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Designing a wildlife-friendly garden may not be your biggest priority. You may have never even considered encouraging wildlife into your landscape or sharing your space with them. This quote by author Doug Tallamy may give you something to chew on:
'Chances are, you have never thought of your garden – indeed, of all the space on your property – as a wildlife preserve that represents the last chance we have for sustaining plants and animals that were once common throughout the U. S. But that is exactly the role our suburban landscapes are playing and will play even more into the near future.” '
Recently a few of our staff attended a presentation by David Drake, University of Wisconsin-Madison Division of Extension wildlife specialist in the Department of Forest and Wildlife Ecology. The talk was entitled Managing Wildlife and of course the expectation was that he would address how to keep rabbits out of the garden, squirrels out of the feeders, and raccoons out of the garbage. Instead, he gave a refreshing lecture on the benefits of drawing in beneficial wildlife such as birds, bats, snakes, frogs, toads, and turtles. Here are a few practical take-aways that we all can implement.
Provide food, water, and shelter clustered in groups throughout the landscape. Feeders, shrubs with fruit, perennial seed heads planted near a birdbath or small pond check the first two boxes. Shelter can be in the form of bird houses, brush piles, and conifers.
Plant for all four seasons and include trees and shrubs that have persistent winter berries.
Install a bat house.
Choose plants that have a purpose - like natives.
Not sure what natives to plant? Check out the Native Plant Finder supported by the National Wildlife Federation to discover which indigenous plant species are the very best at supporting the insects that drive local food webs. A search of our 53105 zip code revealed that oak trees support over 300 species of butterflies, caterpillars, and moths. Goldenrod is the best native perennial supporting 102 different species. Be sure to check it out for the complete list.
For more ideas, read Doug Tallamy's article here.
Learn more about David Drake's work with urban wildlife here.
How are you doing on your resolutions, intentions, commitments for 2020? Maybe you have long given that new year’s practice up, but I’m going to suggest making an intention for the new season of gardening that is approaching. As winter is in no hurry to leave yet, these quiet months are perfect for reflecting on new things you many want to try, new plants to grow, new areas to landscape, ways to improve the lawn, how to use fewer chemical inputs, or perhaps it’s time to downsize to a patio garden.
There are several movements within the world of horticulture that may interest you and give you some direction as to how you intend to spend your time growing this year. The first is one of regenerative gardening. It’s about being more conscientious and intentional about building up the soil we grow in. Composting, using natural and organic products, and no-till practices all aim to rebuild the soil’s organic matter and return nutrients to the soil. Healthy soil means healthy plants which lead to healthy food. Intention: Compost for a more sustainable garden. First step: Build or buy a compost bin.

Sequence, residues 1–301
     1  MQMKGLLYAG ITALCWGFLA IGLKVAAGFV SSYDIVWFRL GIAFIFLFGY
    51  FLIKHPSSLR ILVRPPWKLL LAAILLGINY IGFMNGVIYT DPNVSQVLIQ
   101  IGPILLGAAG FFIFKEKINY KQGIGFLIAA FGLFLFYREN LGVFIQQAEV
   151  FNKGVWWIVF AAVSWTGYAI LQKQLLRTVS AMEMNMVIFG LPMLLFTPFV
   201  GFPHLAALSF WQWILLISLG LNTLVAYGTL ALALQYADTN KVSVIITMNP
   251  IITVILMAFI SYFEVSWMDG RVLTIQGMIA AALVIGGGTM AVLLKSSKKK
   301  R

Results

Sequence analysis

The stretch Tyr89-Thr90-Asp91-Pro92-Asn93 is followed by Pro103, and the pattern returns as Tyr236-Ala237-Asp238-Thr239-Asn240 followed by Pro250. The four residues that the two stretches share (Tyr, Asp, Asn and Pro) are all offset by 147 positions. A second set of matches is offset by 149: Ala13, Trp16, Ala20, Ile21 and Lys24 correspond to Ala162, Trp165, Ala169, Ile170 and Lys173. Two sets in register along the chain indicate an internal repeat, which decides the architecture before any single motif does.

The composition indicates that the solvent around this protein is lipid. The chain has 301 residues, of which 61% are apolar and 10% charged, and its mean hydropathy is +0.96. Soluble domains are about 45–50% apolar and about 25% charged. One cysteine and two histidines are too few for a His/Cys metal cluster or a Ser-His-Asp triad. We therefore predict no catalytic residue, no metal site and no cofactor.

A second movement you may hear about this spring is small space gardening. Even in a large space, you can carve out a secluded spot in which to unwind. This can be done by seeking out dwarf varieties of plants which are becoming more prevalent. You may need to redesign an area if plants have become overgrown and crowded. Another strategy is to make use of vertical space and install a vertical garden. This is nothing new but there are new products available that make vertical gardening easy. Adding a small water feature can help sooth away the stress of the day. Intention: Create an outdoor space to relax in. First step: Analyze current landscape and consult with a designer.
The color of the year is our next trend and it may surprise you. Classic blue. It’s already strong in interior design and fashion, but this is a great color to bring outside as well. Add blue pots to your outdoor garden, paint a trellis or fence, buy a blue birdbath, and grow plants with blue flowers. The intention isn’t to be trendy but adding color to your space can be reinvigorating. This hue of blue especially brings a sense of calmness. It’s solid and dependable in a time that isn’t so much. Intention: Add color to the garden. First step: Look up blue flowers easy to grow from seed.
Finally, plant for wildlife. This movement is becoming stronger as more people become aware of the benefits of protecting pollinators from the many dangers they face. Grow plants that attract them and avoid using chemicals as much as possible. Natives are a good place to start. Intention: Plant a pollinator garden. First step: Find a list of pollinator plants and seek them out.
Whether you try these intentions or not, hopefully you are thinking about the growing season that lies ahead and the possibilities it holds. As you do, you awaken the gardener within.
Tracy Hankwitz is a horticulturist and general manager at Burlington Garden Center. For a list of pollinator plants and blue flowers to start from seed, go to www.burlingtongardencenter.com.